|Safeguarding Bailout Dollar$|
|News Releases - Business, Economy & Finance|
|Written by Grassley Press|
|Monday, 10 May 2010 14:03|
Q&A with Senator Chuck Grassley
Oversight of Government Bailout
Friday, May 7, 2010
Q: How exactly is the claim made that General Motors paid back a multi-billion dollar taxpayer-supported government bailout loan “in full, with interest, ahead of schedule, because more customers are buying vehicles.”
A: Here’s what’s happened and, unfortunately, the reality doesn’t match the rhetoric. As part of the government bailout of the automakers, the taxpayers had loaned GM around $20 billion by May 2009. After GM declared bankruptcy in June, the Treasury Department loaned GM another $30 billion. Then, to help GM emerge from bankruptcy, the Treasury Department struck a deal with GM that contained three components -- a $7 billion loan, $2 billion in preferred stock and 61 percent of GM's common stock -- in exchange for the original $50 billion in loans. The deal translated into the taxpayers paying roughly $41 billion for the GM common stock. Today, when GM says it paid its loan "in full," it’s talking only about the newer $7 billion loan, not the original $50 billion in taxpayer loans. And, the repayment money came from a $17 billion escrow account that was created with the $41 billion in tax dollars used to buy GM common stock. The escrow was for expenses, and GM needed permission from the Treasury Department to use the money. The way that GM repaid the newer $7 billion loan was with the TARP money in that escrow account, not earnings.
The taxpayer bailout of GM still stands at around $40 billion. Taxpayers won’t get back that money unless GM’s stock price goes up enough to repay the $40 billion. Will that happen? No one knows, but the nonpartisan Congressional Budget Office estimated in March that, in the end, taxpayers will lose around $30 billion on GM.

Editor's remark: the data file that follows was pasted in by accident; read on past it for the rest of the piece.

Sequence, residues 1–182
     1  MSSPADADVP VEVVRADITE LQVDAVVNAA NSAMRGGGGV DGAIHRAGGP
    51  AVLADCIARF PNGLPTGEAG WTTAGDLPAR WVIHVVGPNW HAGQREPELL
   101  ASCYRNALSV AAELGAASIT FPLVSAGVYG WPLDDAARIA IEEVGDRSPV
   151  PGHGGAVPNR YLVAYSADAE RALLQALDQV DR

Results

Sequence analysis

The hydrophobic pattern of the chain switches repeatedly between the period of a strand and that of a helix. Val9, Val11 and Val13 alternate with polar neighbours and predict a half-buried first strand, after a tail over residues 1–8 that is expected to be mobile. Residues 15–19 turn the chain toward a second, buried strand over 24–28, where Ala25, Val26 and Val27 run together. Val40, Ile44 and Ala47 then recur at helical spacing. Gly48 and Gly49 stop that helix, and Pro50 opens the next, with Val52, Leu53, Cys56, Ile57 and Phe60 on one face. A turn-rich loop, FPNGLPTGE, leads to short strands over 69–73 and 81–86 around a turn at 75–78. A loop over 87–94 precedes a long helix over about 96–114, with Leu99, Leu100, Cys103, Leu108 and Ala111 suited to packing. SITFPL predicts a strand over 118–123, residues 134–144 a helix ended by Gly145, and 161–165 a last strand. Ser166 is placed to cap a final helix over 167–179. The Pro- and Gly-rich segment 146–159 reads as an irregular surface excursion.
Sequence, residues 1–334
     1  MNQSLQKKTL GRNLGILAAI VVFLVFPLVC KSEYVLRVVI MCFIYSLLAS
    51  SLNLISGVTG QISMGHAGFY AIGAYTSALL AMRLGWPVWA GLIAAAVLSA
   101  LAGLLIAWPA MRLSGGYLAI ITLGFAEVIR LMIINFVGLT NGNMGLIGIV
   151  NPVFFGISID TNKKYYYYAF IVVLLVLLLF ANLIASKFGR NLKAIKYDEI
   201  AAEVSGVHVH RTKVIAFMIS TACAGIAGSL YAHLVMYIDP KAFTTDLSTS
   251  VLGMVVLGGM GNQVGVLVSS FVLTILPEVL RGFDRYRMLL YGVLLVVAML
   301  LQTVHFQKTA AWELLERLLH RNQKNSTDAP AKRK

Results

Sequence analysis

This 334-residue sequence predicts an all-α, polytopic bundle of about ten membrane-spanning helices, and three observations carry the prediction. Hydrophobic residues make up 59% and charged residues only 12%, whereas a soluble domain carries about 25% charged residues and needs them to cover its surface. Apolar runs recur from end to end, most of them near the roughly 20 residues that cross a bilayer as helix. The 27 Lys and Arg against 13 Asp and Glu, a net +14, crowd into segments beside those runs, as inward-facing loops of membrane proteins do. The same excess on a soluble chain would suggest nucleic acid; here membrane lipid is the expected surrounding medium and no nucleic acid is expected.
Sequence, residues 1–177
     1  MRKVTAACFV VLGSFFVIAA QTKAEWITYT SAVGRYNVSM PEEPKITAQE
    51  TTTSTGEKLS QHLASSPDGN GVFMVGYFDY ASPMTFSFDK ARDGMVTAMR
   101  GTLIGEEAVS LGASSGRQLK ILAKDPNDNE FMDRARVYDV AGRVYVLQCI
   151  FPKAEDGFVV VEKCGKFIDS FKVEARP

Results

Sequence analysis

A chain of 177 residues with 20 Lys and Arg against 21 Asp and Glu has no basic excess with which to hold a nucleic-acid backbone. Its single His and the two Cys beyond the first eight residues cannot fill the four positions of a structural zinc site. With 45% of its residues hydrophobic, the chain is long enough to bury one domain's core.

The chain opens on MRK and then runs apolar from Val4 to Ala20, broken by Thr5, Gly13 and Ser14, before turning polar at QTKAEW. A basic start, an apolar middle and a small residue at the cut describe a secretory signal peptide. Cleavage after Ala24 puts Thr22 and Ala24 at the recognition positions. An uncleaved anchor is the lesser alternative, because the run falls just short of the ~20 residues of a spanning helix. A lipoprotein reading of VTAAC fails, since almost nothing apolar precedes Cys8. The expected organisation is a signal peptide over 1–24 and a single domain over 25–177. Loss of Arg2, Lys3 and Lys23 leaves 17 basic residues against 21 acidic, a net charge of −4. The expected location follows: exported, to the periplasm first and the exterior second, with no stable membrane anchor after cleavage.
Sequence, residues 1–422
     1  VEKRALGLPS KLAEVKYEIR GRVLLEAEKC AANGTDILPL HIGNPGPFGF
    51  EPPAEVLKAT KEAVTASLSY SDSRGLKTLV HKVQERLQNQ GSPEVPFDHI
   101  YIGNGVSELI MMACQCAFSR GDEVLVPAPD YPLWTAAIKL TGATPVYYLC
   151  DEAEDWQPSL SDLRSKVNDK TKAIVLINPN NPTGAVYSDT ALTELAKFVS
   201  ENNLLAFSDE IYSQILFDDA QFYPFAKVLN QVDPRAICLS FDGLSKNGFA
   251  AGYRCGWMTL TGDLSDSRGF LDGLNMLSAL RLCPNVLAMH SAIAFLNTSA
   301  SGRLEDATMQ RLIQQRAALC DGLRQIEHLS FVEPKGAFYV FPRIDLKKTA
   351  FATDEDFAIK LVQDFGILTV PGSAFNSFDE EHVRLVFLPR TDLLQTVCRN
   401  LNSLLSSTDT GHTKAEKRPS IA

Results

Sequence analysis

Another question is why the Treasury Department allowed GM to repay the $7 billion, seven-percent loan out of escrow and gave permission to take the final $6.6 billion out of escrow free and clear, but did not require that a $2.5 billion, nine-percent loan that GM owes to the union health plan be repaid? You’d think the higher interest rate loan would be paid first. And, with $6.6 billion left over in the escrow, GM could have paid both loans. When I asked the Treasury Secretary during a Senate hearing, he didn’t have a good answer.
Q: What can be done about it?
A: I hope one lesson that’s been learned by the Treasury Department is to tell it like it is. Overall, the effort to collect the bailout funds is speculative at best. So far, since coming out of bankruptcy, GM has lost billions. Beyond that, the way the agreement was set up with the Treasury Department, GM now has access to the remaining $6.6 billion in the escrow account without any strings attached. GM said publicly that it didn’t need the escrow money. If that’s the case, then the extra $6.6 billion should be returned to the taxpayers right now. The most important lesson from all of this is that it doesn’t make sense for the federal government to own private businesses.
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